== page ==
UNS Update

FSRD UNS Faculty Member Review the Product Design Thinking of Straw Culture in Japan and Java

By May 21, 2020 No Comments
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UNS – Japanese Study Center (Pusat Studi Jepang – PSJ) Institute of Research and Community Engagement (Lembaga Penelitian dan Pengabdian kepada Masyarakat – LPPM) Universitas Sebelas Maret (UNS) Surakarta held a webinar entitled ‘Product Design Thinking: Straw Culture in Japan and Java’ on Friday (15/5/2020). The webinar is PSJ UNS monthly program during COVID-19 pandemic. The second webinar conducted by PSJ UNS invited faculty member of Interior Design Program Faculty of Art and Design (FSRD) UNS, Pandu Purwandaru, Ph.D., as the main speaker.

Straw as a part of paddy stem after the grains were harvested has special meaning for Japanese people. Prof. Prof Kiyoshi Miyazaki, former chairman of the Japanese Society for the Science of Design once said that straw is a kind of grass that has a similar value to wood.

“In Japan, straw is used to support daily life. Here, if we see the kanji for straw is ‘wara’ there are symbolic elements of wood, height, and grass. According to Prof. Kiyoshi, straw is a type of grass that has similar value as wood and has a high functional value,” Pandu opened his speech.

Pandu who graduated from Chiba University, Japan, stated that the Japanese uses the terms: ‘mottainai’, ‘moushiwakenai’, and ‘wara mo moshitara wara wareru’ in utilizing straw.

“There is ‘mottainai’ related to waste (it)s essentially shameful to waste something. Then ‘moushiwakenai’ is more related to guilt. There is regret concerned straw because wasting a gift from nature. Japanese people have a term ‘wara mo moshitara wara wareru’ which means when you burn straw the straw will laugh,” he continued.

Different from Japan, the Javanese community tend to view straw concerning the mythological component related to the ‘wiwitan’(beginning) tradition in Dewi Sri story. The Javanese community in the past highly respected the figure of Dewi Sri who was believed to be the goddess of agriculture, rice, rice fields, and fertility.

On this occasion, Pandu also explained the difference between paddy harvesting in Japan and Java.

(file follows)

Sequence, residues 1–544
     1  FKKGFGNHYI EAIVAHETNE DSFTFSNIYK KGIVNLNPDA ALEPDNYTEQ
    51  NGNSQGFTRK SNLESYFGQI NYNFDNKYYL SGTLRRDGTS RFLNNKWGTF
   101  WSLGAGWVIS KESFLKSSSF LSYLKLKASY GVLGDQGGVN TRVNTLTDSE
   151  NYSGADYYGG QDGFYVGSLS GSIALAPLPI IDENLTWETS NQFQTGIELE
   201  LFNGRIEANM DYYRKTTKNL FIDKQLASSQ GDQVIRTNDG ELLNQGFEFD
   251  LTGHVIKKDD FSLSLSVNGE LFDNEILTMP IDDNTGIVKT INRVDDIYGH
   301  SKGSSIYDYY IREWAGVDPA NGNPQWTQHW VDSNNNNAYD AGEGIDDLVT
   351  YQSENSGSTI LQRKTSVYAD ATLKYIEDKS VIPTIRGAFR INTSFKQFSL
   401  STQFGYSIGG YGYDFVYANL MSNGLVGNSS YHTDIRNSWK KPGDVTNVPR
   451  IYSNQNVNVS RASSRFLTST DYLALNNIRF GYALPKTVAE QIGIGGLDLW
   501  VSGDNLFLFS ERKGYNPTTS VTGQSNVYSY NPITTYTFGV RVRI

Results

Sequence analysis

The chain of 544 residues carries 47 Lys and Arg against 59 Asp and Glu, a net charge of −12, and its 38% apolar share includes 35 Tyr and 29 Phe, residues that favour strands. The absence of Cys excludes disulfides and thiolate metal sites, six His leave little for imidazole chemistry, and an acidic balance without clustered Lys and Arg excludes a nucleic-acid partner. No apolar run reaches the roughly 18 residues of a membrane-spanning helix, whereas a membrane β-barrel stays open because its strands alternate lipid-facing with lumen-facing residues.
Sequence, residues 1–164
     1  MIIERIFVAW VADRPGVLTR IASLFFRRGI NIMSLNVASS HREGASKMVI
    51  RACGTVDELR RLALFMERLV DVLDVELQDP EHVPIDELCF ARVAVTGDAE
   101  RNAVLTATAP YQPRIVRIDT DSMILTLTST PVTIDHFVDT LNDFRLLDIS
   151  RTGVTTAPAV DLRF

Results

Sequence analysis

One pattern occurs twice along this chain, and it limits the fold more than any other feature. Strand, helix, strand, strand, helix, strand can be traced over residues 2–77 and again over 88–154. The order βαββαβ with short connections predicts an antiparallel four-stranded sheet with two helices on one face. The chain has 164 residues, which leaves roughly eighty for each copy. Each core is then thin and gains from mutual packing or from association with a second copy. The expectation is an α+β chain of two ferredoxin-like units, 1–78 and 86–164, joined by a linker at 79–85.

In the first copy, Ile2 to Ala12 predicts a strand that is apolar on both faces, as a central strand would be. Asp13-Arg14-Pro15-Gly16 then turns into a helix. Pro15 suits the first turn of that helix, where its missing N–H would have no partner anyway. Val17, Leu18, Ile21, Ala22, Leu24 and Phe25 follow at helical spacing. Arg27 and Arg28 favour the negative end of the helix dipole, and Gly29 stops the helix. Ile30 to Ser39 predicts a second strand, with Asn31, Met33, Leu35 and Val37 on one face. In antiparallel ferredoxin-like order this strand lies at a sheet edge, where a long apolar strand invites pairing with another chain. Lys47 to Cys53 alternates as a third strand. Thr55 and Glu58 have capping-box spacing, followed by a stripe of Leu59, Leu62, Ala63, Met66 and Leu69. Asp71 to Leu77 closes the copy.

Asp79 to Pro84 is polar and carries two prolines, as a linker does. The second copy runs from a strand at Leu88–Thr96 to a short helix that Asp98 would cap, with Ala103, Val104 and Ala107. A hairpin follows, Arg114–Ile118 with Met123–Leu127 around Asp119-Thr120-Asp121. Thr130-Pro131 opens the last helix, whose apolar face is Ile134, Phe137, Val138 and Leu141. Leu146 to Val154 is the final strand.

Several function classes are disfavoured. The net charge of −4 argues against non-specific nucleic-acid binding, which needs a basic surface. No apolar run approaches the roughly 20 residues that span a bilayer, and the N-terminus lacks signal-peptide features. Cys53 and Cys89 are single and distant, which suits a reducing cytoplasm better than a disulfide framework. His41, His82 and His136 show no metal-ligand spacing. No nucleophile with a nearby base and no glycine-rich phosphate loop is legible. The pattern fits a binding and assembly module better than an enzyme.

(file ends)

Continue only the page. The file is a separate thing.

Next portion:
“Before the green revolution (the harvest) still used ani-ani in Java and harvest performed twice, the upper part and cut stem until the stump. While in Japan it is cut once at the stump and then dried for 10-14 days after that the grains are collected. And after that in the ‘sayawara’ process after (straw) is separated from rice and after grains are separated from its petals is ‘warasuguri’ (it) can be used to make roof and house,” explained Pandu.

Besides roofing, straw also can be used to create ‘ecofish’ that can filter residual and waste in the river/sewer. Pandu implement this by creating ‘ecofish’ with Junior High School students in Japan.

“There is an interesting development that I want to convey. Straw Ecofish is made to look like a fish, filled with burned husk (we made it) with the Junior High School students to educate them about straw materials. The ecofish is floated in the dirty river and is very effective to absorb residual and cleaning water flow. One ‘ecofish’ can absorb residuals up to twice its weight. And, if it is burned it can be used as fertilizer so it is sustainable,” Pandu said.

The discussion was interactive. Participants came from several cities in Java island. At least 12 participants asked questions about the sustainability of straw products in Java. The event moderator was Dr. Eng Kusumaningdyah, N.H, ST., MT (Chief of Japanese Study Center UNS), indirectly has developed an interest to develop a partnership with people who are interested in the straw culture and product. It is expected that collaboration will be developed in the future. This event was managed by PSJ UNS in partnership with Interior Product Design Research Group, Interior Design Program – Faculty of Art and Design UNS and Urban-Rural Design and Conservation Laboratory (URDC Labo) Architectural Engineering Program, Faculty of Engineering, UNS. Humas UNS/Yefta